When does a trashy movie stop being fun and start being repulsive? I’ve been asking myself this question ever since I saw Ching Siu-Tung’s Hong Kong action film Naked Weapon (赤裸特工, 2002). Ching is one of my favorite action directors. His credits include the underrated gem The Terra-Cotta Warrior (秦俑, 1989) and better-known actioners like The East Is Red (東方不敗 - 風雲再起, 1993). He also provided the fight choreography for several of Tsui Hark’s action films and all three of Zhang Yimou’s high-profile martial-arts movies. So, seeing Ching’s name on the credits of Naked Weapon instantly told me that the film would be a quality product. But I was not only disappointed — I was revolted.
Now, I don’t automatically fault a film for being a bit on the junky side. Cult cinema certainly has its place, and so-called “trash” aesthetics can have their own positive properties that are as intriguing as the more “respectable” ones employed by more prestigious films. So, just because some filmmakers might not take their subject matter seriously, or just because they might revel in the artificiality of their medium, that is not reason enough to condemn a movie. Films that utilize trash aesthetics include many of John Waters' intriguing works and several enjoyable romps from Hong Kong like Luk Kim-Ming’s Robotrix (女机械人, 1993).
But Naked Weapon crossed the line from trashy action movie to something more disturbing. Perhaps we're not supposed to take the film’s premise — a secret Darwinian “school” for female assassins where the “pupils” must kill each other to “graduate” — at face value, but the subject is viewed with a solemnly straight face, not with a cartoonish or ironic distance. Coupled with Ching’s fierce fight choreography, the bloody, nerve-racking events faced by the main character, Charlene (Maggie Q), are harrowing in an unpleasant way. Like other films I detest — such as Masaru Konuma’s Wife to Be Sacrificed (生贄夫人, 1974) or Pier Paolo Pasolini’s Salò (Salò o le 120 giornate di Sodoma, 1975) — Naked Weapon seems to encourage its audience to take sadistic delight in its lead character's misfortunes.
This unsettling element reaches its pinnacle mid-way in the film when the “school’s” cold-blooded leader, Madame M (Almen Wong), drugs her surviving graduates (presumably virgins) and has them raped by her male guards. The scene is utterly gratuitous, and its gut-wrenching realism erases any ability to view the moment simply as a make-believe fiction. The making-of documentary that is included on Naked Weapon’s DVD interviews Maggie Q and the other actresses after the rape scene was shot, and the women seem somewhat traumatized by the experience. Why would a director want to put his actresses through such an ordeal? For what purpose? Furthermore, I would submit that the scene wants the viewer to identify with the rapists, rather than the women being raped.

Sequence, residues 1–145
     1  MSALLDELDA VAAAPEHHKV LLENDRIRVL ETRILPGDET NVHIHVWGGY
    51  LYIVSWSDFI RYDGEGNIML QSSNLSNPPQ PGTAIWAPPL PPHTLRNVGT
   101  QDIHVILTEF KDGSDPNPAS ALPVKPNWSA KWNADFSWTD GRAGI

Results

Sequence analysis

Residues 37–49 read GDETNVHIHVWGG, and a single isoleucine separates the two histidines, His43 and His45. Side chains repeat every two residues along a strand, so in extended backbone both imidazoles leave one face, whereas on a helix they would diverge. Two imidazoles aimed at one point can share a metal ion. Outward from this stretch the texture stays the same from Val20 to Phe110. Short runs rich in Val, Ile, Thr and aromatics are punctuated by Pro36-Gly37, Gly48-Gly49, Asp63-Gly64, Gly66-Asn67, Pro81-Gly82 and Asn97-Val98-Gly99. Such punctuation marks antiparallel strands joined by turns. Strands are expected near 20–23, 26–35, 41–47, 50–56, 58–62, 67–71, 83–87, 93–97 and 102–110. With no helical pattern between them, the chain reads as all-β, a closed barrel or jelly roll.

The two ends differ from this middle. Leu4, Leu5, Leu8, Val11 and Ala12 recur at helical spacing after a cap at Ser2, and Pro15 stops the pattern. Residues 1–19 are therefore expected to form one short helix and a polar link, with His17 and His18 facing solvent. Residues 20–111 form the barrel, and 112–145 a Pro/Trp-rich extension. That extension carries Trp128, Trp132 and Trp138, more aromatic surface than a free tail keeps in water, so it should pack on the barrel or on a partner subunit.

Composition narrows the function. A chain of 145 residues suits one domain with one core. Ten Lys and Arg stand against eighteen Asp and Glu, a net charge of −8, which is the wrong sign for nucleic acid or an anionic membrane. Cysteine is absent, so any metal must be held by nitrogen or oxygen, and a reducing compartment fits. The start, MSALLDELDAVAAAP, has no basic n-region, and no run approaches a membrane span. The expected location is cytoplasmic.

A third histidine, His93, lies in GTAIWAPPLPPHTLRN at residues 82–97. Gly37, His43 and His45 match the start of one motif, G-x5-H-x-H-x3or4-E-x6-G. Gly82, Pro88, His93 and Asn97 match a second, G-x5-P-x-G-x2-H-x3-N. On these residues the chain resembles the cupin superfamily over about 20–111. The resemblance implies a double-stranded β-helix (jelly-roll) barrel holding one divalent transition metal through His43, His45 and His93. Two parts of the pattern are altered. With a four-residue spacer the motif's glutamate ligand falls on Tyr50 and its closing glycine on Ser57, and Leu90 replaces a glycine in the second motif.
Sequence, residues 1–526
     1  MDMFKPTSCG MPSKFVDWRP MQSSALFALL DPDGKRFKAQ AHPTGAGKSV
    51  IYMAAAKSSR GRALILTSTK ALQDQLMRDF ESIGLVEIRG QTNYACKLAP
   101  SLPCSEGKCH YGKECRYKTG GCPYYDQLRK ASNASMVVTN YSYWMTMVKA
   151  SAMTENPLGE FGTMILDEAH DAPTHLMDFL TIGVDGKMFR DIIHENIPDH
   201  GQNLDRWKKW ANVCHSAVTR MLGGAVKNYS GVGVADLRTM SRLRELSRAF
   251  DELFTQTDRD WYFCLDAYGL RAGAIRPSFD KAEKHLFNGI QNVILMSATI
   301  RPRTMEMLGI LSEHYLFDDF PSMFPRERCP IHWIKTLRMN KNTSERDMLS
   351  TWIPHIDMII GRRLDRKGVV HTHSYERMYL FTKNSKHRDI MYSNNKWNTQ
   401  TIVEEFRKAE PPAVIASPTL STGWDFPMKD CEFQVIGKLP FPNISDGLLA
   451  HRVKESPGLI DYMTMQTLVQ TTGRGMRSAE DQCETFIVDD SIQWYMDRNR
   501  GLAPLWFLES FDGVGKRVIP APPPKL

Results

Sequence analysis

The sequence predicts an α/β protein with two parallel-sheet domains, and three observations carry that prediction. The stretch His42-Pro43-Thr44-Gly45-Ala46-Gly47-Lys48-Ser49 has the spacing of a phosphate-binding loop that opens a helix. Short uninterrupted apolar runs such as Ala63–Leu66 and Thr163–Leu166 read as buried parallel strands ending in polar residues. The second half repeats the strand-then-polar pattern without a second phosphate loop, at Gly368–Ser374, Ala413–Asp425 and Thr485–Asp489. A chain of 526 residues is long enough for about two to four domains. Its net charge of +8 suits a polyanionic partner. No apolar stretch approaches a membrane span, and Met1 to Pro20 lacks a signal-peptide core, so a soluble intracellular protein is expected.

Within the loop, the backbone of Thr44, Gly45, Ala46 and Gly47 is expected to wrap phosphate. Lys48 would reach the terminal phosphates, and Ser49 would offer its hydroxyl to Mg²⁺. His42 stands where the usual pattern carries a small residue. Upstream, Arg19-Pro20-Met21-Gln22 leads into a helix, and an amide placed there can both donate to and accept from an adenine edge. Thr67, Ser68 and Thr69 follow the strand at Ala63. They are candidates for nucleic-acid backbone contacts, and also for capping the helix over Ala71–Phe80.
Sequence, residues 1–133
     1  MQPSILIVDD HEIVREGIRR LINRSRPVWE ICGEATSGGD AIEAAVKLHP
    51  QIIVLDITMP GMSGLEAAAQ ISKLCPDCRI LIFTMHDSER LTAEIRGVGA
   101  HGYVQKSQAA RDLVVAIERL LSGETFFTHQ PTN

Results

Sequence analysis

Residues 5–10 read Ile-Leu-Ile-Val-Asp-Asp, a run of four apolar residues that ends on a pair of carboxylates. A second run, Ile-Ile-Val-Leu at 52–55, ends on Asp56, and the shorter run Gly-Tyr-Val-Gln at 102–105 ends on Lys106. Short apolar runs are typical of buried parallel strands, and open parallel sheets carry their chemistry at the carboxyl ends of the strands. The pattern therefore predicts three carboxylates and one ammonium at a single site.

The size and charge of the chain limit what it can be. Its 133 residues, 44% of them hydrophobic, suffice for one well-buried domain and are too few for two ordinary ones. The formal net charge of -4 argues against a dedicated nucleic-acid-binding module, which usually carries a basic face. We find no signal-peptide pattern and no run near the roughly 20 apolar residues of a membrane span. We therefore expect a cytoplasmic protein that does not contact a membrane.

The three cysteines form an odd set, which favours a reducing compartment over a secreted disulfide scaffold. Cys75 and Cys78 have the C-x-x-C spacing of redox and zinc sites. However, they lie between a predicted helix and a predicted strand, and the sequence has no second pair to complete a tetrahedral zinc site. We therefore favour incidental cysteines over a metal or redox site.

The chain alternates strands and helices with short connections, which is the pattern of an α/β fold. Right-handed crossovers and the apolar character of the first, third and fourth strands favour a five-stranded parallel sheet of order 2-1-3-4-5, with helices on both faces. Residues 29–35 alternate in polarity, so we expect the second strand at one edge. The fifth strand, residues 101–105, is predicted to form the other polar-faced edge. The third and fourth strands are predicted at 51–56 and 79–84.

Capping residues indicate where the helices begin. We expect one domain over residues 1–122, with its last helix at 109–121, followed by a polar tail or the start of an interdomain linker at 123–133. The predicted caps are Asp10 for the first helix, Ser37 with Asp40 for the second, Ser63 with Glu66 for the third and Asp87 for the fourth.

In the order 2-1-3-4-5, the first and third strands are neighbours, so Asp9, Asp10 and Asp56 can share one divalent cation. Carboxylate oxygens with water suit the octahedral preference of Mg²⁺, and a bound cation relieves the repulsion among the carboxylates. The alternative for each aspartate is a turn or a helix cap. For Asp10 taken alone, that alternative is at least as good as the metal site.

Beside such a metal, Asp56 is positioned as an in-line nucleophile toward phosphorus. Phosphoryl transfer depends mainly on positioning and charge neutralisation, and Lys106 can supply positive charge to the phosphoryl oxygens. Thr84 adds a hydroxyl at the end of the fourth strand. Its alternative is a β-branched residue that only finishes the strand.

Now, let me be clear: I am not arguing against all depictions of rape per se. The aquatic rape scene in Erotic Ghost Story II (聊斋艳谭 II, 1991) and the invisible rape scene in The Eternal Evil of Asia (南洋十大邪术, 1995) were too over-the-top to take seriously as portrayals of violence against women, as anything other than bizarre performances staged for the camera. And there are more substantial films about rape where the viewer is made to indentify with the victim. Naked Weapon’s rape scene is in a different class entirely: a humorless, realistic moment where the (presumably male) viewer is allowed to relish the sexual suffering of beautiful women. Moreover, Madame M never gets her comeuppance in the story (suggesting that the rape didn’t warrant punishment), and Charlene’s climatic battle with an out-of-left-field villain implies that it was her ordeals with Madame M — including the rape — that enable her to prevail. Rape, the movie implies, is a relatively positive stepping stone toward female “empowerment.”
Some comments elsewhere on the Internet say that the rape scene in Naked Weapon shouldn’t be taken seriously. But the moment is played very seriously in this very serious film. Others say that the scene should be taken within the context of the action genre. I disagree: Naked Weapon is already a very grueling film about scantily clad women inflicting pain on each other in order to survive. The action genre mandates neither the Darwinian violence of the “student” assassins against each other (I kept waiting for the girls to rise up against Madame M) nor the male viewer’s pleasure in female suffering. I’m appalled that anyone — especially a director I respect — would find this sadistic portrayal of rape and violence entertaining.
‘Naked Weapon’ Trailer
Originally published at Amazon.com in 2005